'Don't shoot him!' North Carolina victim's family release own video of fatal police shooting
Published 23/09/2016 | 20:02
The family of a black man fatally shot by police in Charlotte, North Carolina, on Friday released its own video of the encounter that sparked three days of protests and continued to urge officials to release their own recordings of the slaying.
The moment that a black police officer shoots Keith Scott, a 43-year-old father of seven, cannot be seen in the two-minute video recorded by his wife, Rakeyia, who can be heard urging officers not to open fire on her husband.
"Don't shoot him! He has no weapon," she can be heard telling officers as they yell at Scott to "Drop the gun!" About a half-dozen gunshots can be heard in the video released to U.S. media, followed by her scream, "Did you shoot him? He better not be dead."
Scott's death was the latest in a long string of controversial killings of black people by U.S. police that have stirred an intense debate on race and justice. A United Nations working group on Friday compared the killings to the lynching of black people by white mobs in the 19th and 20th centuries.
Scott's death sparked two days of rioting in North Carolina's largest city, with protesters dismissing the claim of police officers that Scott was holding gun.
Charlotte-Mecklenberg Police Chief Kerr Putney has said video taken by police body cameras supports the police's version of events but has refused to release the video publicly. He told reporters on Friday that releasing the video now could harm the investigation into the shooting, now being led by the state.
"I know the expectation is that video footage can be the panacea and I can tell you that is not the case," Putney said, adding that he would eventually agree with the release of the video. "It's a matter of when and a matter of sequence."
- Read more: Charlotte police chief: Family will be allowed to watch video of shooting
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Scott's family, initially contended that he was carrying a book, but after viewing the police video on Thursday said it was "impossible to discern" what, if anything, he was carrying. They urged police to release the footage.
"There's nothing in that video that shows him acting aggressively, threatening or maybe dangerous," said Justin Bamberg, one of the lawyers representing the family, said in an interview early on Friday.
No gun can be seen in Mrs. Scott's video, which was filmed from a nearby curb as the drama unfolded on the street in front of her.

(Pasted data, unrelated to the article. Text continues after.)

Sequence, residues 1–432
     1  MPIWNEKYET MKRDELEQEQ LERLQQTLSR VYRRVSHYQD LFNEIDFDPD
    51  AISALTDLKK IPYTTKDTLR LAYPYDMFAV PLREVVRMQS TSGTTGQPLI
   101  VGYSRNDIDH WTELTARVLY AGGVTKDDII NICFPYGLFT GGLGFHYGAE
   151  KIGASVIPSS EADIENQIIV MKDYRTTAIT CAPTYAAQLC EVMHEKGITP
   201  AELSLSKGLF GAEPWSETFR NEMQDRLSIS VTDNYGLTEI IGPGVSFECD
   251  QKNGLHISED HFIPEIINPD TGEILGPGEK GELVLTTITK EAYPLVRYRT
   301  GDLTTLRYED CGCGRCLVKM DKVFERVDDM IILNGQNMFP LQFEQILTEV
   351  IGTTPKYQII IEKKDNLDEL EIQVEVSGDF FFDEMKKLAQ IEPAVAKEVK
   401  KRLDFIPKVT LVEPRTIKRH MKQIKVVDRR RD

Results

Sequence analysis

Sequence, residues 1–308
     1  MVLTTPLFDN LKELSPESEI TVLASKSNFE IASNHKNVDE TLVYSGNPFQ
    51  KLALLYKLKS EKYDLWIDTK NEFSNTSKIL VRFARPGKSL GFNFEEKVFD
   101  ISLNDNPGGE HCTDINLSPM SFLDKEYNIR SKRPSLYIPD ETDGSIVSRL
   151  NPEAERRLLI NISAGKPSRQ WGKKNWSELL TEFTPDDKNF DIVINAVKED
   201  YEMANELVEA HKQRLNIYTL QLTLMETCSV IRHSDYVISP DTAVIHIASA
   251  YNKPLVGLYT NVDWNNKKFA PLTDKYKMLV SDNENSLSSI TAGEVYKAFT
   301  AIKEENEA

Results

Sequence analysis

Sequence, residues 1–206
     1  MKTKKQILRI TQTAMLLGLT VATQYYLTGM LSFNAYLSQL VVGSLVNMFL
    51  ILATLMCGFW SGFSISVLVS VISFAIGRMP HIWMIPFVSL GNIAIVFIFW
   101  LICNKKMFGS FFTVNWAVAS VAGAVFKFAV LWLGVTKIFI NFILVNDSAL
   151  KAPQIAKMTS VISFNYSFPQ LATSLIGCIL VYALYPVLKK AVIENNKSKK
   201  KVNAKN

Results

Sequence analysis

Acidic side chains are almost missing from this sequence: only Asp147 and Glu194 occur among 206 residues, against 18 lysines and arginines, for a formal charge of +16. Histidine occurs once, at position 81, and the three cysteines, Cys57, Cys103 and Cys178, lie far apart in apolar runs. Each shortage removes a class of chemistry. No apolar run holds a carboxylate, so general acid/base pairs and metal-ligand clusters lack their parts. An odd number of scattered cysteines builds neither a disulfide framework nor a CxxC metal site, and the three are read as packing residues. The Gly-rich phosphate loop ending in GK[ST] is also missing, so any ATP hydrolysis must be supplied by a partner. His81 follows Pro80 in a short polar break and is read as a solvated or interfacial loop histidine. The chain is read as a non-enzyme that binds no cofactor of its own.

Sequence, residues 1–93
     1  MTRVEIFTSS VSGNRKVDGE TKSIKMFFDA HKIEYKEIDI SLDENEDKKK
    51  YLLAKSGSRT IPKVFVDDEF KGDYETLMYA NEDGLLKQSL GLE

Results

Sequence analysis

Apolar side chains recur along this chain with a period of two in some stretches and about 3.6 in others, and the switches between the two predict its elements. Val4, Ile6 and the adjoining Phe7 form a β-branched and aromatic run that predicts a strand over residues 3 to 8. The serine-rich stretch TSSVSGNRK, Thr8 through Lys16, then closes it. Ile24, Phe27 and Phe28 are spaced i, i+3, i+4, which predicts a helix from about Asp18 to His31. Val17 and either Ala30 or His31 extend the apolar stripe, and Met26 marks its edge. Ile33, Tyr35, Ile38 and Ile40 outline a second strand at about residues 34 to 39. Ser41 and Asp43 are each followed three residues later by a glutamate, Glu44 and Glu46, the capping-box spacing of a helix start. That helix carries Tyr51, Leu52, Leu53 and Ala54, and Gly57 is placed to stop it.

Governor Pat McCrory, a Republican locked in a tight re-election race, signed a law last week that would require authorities to obtain a court order before releasing police video. Critics say it would prevent the sort of transparency that is needed to defuse public anger in the wake of police shootings.
Scott was the 214th black person killed by U.S. police this year out of an overall total of 821, according to Mapping Police Violence, another group created out of the protest movement. There is no national-level government data on police shootings.
The UN working group recommended the U.S. create a reliable national system to track killings and excessive use of force by law enforcement officials, as well as ending the practice of racial profiling.
Police arrested a civilian on Thursday and charged him with the murder of a protester who was shot during Wednesday night's protest and died on Thursday, Charlotte-Mecklenberg Police Chief Kerr Putney told a press conference on Friday.
Police identified the shooter as Rayquan Borum, 21, and the victim as Justin Carr. They did not disclose Carr's age.
The killing and its aftermath are playing out in a state that has been at the forefront of some of the nation's most bitter political fights in recent years.
North Carolina's Republican-dominated state legislature has tightened voting laws, slashed education spending and passed a law prohibiting transgender people from using the bathroom of their choice.
State officials who pursue these policies are partly to blame for this week's unrest, civil rights leaders say.
"It's somewhat hypocritical to cry out against violence when you pass violent policies," said Reverend William Barber, head of the North Carolina NAACP.
In contrast to the tension in Charlotte, the city of Tulsa, Oklahoma, was calm after a white police officer was charged with first-degree manslaughter on Thursday for the fatal shooting of an unarmed black man that was also captured on video.
The officer involved in that shooting turned herself in early on Friday and was released on $50,000 bond.